• Never go onto the ice alone. Having someone with you means your partner can call or send for help if you fall in.
• Remember: Reach-Throw-Go. If you are with someone who falls through the ice use this approach. If you can’t reach the person from shore, throw them a floatation device or rope. If you still can’t help the person quickly – go for help. Never attempt to walk out onto the ice to rescue your friend because you might also fall through the ice.
• Avoid alcoholic beverages. Alcohol increases your chance for hypothermia, which is the loss of body temperature. It can also lower inhibitions, increasing the likelihood that you might take risks you otherwise wouldn’t take.
• Always wear a lifejacket. Wear a lifejacket or personal flotation device (PFD) over winter clothing. Lifejackets can provide excellent flotation and protection from hypothermia.
• Assemble a personal safety kit. Always wear a safety kit on your body when going out onto the ice. Safety kits should include an ice pick, rope and a whistle to call for help.
• Always keep your pets on a leash. Never allow your dog to run out onto the ice and never walk your dog near a frozen lake or pond without a leash. If your dog falls through the ice, do not attempt a rescue. Go for help. If the ice couldn’t support the weight of your animal, it can’t support you.
Even with the best planning and preparation, accidents can happen. If you do fall through the ice, remember the following:
• Don’t panic. Try to remain calm to conserve as much energy as possible. Try to get your arms onto the ice and kick as hard as you can with your feet to help lift you onto the ice, and then roll to safety. If you can’t get out of the cold water by yourself, take the following appropriate actions to extend your survival time while waiting to be rescued.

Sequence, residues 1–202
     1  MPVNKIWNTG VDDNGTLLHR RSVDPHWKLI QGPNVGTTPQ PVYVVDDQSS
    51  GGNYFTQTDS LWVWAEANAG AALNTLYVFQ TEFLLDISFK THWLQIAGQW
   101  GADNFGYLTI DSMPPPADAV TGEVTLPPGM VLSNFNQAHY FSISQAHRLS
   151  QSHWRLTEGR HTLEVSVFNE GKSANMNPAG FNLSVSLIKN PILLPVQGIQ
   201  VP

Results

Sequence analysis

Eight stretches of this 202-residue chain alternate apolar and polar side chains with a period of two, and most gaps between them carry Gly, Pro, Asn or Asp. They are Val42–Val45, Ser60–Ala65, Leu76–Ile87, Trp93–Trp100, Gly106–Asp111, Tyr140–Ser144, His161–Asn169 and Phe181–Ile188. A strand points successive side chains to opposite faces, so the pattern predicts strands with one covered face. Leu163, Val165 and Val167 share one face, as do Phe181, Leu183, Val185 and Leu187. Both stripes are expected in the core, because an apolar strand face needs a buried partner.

• Do not swim. Swimming will cause your body to lose heat much faster than if you stay as still as possible.
• Act slowly and deliberately to conserve heat. Expect a progressive decrease in your strength and ability to move. Make the harder maneuvers at the beginning, while you can.
• Keep your upper body above water. Keep your head and upper body as far out of the water as reasonably possible to conserve heat.
There’s lots of outdoor fun to enjoy in Colorado but please do so carefully. No one can guarantee you that the ice is safe. The decision to go onto the ice is personal and should be made only after taking all the precautions to reduce the risk.
Mountain Village Area Experienced Power Outage on Dec. 15
MOUNTAIN VILLAGE – Approximately 1,200 San Miguel Power Association, Inc., members in the Mountain Village area experienced a power outage on Sunday, Dec. 15, beginning at 4:33 p.m. SMPA crews located the failed equipment and were able to restore power to half of the affected members by 5:30 p.m. Power was restored to the remaining members at 7:41 p.m. Repair was delayed due to access issues because of snow and ice.
SMPA would like to thank its members for their patience and support of the lineman responding to the outage. In an effort to keep their members informed, the co-op coordinates with their 24-hour dispatch service to provide outage updates on SMPA’s Facebook page facebook.com/SanMiguelPower. During non-business hours the co-op recommends checking the page for the most up to date information. However, SMPA reminds members to never report outages on Facebook, as the page is not monitored continuously.
To report an outage, call your local office at 970/ 626-5549 or 970/ 864-7311. If it is after hours you will be directed to the 24-hour dispatch service.